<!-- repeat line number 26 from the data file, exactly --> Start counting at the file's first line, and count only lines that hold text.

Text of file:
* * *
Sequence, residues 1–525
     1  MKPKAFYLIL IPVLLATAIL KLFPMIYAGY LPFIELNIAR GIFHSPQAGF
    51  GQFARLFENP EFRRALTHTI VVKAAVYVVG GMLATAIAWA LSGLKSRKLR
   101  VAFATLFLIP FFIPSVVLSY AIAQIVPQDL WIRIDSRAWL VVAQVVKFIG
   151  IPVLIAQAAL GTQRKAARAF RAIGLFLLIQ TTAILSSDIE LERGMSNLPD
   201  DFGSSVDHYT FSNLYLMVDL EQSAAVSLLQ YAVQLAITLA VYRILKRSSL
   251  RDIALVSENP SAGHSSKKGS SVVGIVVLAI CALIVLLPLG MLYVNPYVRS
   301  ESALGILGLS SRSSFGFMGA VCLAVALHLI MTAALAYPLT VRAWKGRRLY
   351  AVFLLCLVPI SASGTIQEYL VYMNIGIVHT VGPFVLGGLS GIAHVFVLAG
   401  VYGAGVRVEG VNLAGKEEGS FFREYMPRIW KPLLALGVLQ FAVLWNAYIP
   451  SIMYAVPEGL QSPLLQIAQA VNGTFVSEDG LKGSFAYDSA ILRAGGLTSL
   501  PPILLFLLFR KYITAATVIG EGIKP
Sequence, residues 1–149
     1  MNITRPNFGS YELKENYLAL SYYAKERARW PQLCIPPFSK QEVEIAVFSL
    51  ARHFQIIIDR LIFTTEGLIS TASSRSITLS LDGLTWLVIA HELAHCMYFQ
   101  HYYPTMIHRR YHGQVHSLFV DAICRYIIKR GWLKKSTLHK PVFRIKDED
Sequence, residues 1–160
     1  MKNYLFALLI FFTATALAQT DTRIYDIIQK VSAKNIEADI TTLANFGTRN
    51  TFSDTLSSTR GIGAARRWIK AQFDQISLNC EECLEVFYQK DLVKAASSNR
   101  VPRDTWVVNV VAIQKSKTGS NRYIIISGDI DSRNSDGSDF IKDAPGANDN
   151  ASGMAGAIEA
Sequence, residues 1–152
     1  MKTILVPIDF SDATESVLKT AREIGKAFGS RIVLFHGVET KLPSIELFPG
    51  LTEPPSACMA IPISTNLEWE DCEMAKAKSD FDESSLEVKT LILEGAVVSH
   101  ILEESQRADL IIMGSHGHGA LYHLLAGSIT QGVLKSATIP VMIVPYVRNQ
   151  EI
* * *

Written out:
   151  EI